Unfortunately finances dictate that I left this one in the store, but its a really beautiful speaker dock  that's compatible with all iPod models including the iPhone. Looking at the specs I imagine that it will sound as good as it looks. The price of £127 seems reasonable too when you compare it to some of the competition, especially considering it also has a built in FM radio and a smart remote control. More information on this speaker is available from the manufacturers website here.

[gallery]
Monday
Dec082008

Optoma Pico PK101 Review

p10302211

Optoma Pico Review.

At present there are only two kinds of pocket sized Pico projectors available to buy. This might be a surprise, given that there are quite a number of different pocket projectors on the market - however  the technology inside the box comes from just two sources. There is the LCoS (Liquid Crystal on Silicon) optics made by 3M that drive their 3M MPro 110, the Aiptek Pocket Cinema V10, and numerous other rebrands , and then there is the Texas Instruments DLP chipset used in just one projector, the Optoma Pico.
Both project a 4:3 aspect ratio and use low power high brightness LED bulbs that never need replacing. On paper the LCoS looks better as it produces a 640x480 image whereas the DLP is only 480x320 - however numbers aren't everything.....

After scouring the net for weeks looking for reviews, I could only find negative comments about the LCoS devices and positive ones about the Optoma.

There is one other pocket projector technology that promises to trump both of these - and that's lasers. The Microvision Show will use coloured lasers to draw the image on the wall and will therefore need no focusing. Unfortunately this model has been "coming soon" since 2007 and its release is currently suggested for "next year". I want my projector now so bought an Optoma Pico and I think I've made a good choice.

p1030186p1030188

The people at Optoma certainly know how to put together a product. The packaging is very nice and the contents of the box are even better. Optoma supply two batteries, both of which last 90 mins and both come fully charged in the box (which is a nice touch). The other contents of the box are a compact carrying case, a USB cable (to power the projector/charge the batteries) a USB to mains plug, a screw-in tripod mount socket and a 2.5mm to composite phono sockets lead. Note that I wrote 'sockets' rather than 'plugs' - this means that any device with yellow, red/white phono out plugs can plug in to the Pico's lead).p1030190

There is just one omission from the box - the iPod connectivity kit. This will plug between the projector and the dock connector of an iPod/iPhone with a single wire with an inline volume control. 

p1030195

Unfortunately this isn't yet available in the UK and after contacting Optoma they confirm that it will only become available in 5 weeks, so I had to resort to going to the Apple store and buying the official Apple composite lead/USB charger set for £28. I'm going off topic here - but this lead is a major rip off. Apple have locked-out any cheap third party leads from working with the iPhone 3G, apparently there is an authentication chip inside the official lead that has yet to be successfully duplicated. So if you want to get video out of any iPhone its the £28 lead or nothing. Anyway that's not Optoma's fault, but if their iPod connection kit was available now, I wouldn't have had to buy Apple's cable (perhaps the delay is down to that damn Apple authentication chip).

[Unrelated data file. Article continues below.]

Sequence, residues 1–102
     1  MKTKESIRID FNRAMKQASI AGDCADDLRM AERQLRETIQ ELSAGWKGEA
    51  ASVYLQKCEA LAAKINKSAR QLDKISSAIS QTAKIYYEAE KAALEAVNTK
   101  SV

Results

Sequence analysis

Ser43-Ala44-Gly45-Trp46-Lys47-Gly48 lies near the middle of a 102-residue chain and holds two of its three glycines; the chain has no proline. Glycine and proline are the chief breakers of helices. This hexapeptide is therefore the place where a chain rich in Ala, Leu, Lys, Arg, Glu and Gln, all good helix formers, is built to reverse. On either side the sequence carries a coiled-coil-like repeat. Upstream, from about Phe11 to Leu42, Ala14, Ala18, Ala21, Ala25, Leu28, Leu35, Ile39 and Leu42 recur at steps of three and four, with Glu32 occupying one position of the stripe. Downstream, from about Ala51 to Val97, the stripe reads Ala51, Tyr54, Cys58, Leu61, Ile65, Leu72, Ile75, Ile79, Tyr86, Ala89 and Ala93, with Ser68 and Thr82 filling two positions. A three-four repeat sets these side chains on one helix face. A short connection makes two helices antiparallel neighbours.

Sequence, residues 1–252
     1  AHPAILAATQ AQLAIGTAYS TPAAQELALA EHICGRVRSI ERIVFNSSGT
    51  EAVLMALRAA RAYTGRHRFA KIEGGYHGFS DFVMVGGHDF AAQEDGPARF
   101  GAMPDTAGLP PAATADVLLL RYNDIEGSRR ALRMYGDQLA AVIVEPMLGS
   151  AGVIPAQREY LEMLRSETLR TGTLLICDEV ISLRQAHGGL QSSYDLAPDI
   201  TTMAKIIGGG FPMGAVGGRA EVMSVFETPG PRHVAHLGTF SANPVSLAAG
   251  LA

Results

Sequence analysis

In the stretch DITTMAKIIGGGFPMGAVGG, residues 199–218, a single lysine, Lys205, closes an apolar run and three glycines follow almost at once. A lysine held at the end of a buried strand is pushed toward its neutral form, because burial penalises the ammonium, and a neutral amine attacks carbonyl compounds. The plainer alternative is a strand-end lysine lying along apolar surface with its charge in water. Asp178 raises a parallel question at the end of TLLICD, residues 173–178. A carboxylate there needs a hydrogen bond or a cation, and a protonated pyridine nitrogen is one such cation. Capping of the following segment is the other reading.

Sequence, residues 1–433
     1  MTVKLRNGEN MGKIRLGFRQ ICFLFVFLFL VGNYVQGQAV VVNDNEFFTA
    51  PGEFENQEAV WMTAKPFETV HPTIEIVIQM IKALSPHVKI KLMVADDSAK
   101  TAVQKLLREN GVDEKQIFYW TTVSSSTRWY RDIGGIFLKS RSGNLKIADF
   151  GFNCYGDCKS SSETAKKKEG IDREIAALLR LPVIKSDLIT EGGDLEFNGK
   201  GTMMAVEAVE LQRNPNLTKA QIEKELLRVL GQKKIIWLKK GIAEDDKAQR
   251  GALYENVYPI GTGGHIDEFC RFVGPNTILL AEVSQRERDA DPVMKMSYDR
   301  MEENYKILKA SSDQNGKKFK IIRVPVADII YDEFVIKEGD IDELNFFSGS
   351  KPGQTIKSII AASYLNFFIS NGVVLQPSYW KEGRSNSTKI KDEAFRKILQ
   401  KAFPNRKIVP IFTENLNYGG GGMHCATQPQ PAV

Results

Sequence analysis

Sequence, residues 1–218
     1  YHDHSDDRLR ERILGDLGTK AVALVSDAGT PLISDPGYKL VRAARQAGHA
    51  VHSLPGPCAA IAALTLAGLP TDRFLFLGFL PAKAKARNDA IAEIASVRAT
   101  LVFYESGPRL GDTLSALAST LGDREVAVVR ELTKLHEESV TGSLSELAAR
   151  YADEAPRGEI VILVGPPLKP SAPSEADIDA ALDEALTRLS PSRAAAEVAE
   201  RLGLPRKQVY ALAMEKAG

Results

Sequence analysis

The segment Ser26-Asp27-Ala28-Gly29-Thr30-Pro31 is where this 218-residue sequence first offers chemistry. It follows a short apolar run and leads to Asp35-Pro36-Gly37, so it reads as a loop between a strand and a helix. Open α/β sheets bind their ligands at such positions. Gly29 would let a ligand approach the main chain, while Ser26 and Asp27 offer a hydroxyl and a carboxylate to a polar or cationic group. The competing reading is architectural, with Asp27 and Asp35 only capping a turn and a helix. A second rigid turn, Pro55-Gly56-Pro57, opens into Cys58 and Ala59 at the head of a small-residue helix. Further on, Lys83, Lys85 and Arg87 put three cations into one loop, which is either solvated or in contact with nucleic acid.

p1030205

The Pico is a beautifully simple device that has clearly been very carefully thought out. With it's 480x320 resolution there was no point in having a VGA or component input, composite is sufficient. The Pico only has two controls - power and focus. Using a USB lead for power means that there's no need to carry a large adaptor and most travelers already have a mains to USB adaptor for any country they are likely to visit.

p1030200p1030197

My intention is take this on holiday with my iPhone and use it to watch transcoded TV episodes on the wall of my hotel room/cruise ship cabin. Last time I went on a cruise I took my Macbook along to screen a few Xvids on some evenings  (Experience has taught me that 14 days on a cruise ship without any TV other than CNN is just a bit too long). Taking the Macbook wasn't a good idea. Leaving an £800 notebook  full of personal information unattended in my room was a big worry, not to mention the hassle/weight of transporting it on planes, through customs etc. In contrast I'll be able to lock the Pico in the room's safe.

So how does it perform. The first thing to mention is that the Optoma Pico rather obviously needs to be operated in a dark room. As long as this rule is followed it produces a perfectly watchable picture up to 50 inches. Motion is fluid and blacks are black. If I was being picky, primary colours are perhaps a touch bright at times and there appears to be a reduced range of gray shades. That being said, I grew up watching CRT TV screens that produced significantly smaller and poorer quality images than this - so taken in context this is really pretty amazing stuff. The relatively low resolution really doesn't cause any problems on a image of this size when viewed at a normal distance, in fact I wouldn't know that it was anything less than DVD resolution unless I had read the specs. My full size home theatre DLP  projector produces an excellent 1280x720 96" image so using that as a base, one should be able to view the Pico's 480x320 image at somewhere between 30"-40" without any issues - and this is true.